Annual Improvements 2018-2020
Subsidiary as a First-Time Adopter (IFRS 1)
IFRS 1 allows subsidiaries that become a first-time adopter later than its parent to measure its assets and liabilities at the carrying amounts that would be included in the parent’s consolidated financial statements. The amendment extends this relief to the cumulative translation differences for foreign operations. The amendment is effective for annual periods beginning on or after 1 January 2022. The amendment will not have an impact on the consolidated financial statements of FMO.
Fees in the ‘10 per cent’ Test for Derecognition of Financial Liabilities (IFRS 9)
When considering the derecognition of a financial liability, IFRS 9 indicates that the terms of the instrument are deemed to be substantially different (and therefore qualify for derecognition) if the discounted present value of the remaining cash flows under the new terms are at least 10 per cent different from the discounted present value of the remaining cash flows of the original financial liability (‘10 per cent’ test). The amendment clarifies which fees an entity should include when applying the ‘10 per cent’ test. The amendment is effective for annual periods beginning on or after 1 January 2022 and is not expected to have a material impact on the accounting treatment for derecognition of financial liabilities.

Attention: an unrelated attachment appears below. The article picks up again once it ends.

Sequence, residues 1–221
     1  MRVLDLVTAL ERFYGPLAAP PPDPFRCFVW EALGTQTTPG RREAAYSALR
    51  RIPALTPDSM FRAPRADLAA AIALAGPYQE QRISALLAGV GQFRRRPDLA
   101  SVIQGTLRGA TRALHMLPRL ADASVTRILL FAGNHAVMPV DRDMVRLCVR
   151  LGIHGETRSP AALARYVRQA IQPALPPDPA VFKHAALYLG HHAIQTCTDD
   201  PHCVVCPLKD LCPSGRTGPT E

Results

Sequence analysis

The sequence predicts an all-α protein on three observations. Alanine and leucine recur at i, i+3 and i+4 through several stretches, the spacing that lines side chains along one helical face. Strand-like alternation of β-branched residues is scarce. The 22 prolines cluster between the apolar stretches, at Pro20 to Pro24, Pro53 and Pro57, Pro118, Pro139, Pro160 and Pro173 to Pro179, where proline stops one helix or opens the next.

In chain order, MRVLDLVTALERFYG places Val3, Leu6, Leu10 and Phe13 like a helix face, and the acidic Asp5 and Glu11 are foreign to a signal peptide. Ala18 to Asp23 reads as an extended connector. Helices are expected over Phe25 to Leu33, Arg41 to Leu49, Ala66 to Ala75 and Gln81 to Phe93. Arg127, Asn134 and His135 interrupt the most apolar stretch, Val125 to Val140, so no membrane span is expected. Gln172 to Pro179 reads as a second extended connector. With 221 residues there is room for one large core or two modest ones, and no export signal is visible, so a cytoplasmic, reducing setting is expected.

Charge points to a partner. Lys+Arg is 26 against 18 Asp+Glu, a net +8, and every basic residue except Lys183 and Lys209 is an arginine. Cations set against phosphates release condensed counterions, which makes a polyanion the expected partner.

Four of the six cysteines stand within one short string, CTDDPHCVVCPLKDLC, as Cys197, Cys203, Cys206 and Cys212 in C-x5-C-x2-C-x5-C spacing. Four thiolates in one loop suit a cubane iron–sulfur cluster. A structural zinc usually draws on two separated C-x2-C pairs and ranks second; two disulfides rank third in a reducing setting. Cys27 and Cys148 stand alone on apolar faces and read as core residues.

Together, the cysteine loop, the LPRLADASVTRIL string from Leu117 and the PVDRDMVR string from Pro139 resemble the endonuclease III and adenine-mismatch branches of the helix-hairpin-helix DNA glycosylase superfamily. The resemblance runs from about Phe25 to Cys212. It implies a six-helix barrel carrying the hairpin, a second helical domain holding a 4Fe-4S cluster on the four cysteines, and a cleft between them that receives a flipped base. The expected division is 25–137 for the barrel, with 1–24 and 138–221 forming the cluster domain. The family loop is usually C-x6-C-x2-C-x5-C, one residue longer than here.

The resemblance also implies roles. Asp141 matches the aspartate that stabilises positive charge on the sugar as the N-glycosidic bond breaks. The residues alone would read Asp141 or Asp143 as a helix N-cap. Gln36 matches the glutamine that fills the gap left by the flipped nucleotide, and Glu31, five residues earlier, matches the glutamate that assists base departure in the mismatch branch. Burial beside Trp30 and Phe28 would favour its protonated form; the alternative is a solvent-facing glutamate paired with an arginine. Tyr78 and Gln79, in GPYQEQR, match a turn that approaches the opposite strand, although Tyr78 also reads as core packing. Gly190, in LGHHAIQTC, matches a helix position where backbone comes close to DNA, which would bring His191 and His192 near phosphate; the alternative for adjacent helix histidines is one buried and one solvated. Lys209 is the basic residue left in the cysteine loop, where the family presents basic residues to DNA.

Lease Incentives (IFRS 16)
The amendment removes an illustrative example on the reimbursement of leasehold improvements and has no impact on the accounting treatment for leases.
2.6 Estimates and assumptions
In preparing the condensed consolidated interim accounts in conformity with IAS 34, management is required to make estimates and assumptions affected reported income, expenses, assets, liabilities and disclosure of contingent assets and liabilities. The same methods for making estimates and assumptions have been followed in the condensed consolidated interim accounts as were applied in the preparation of FMO’s consolidated annual accounts as at December 31, 2020.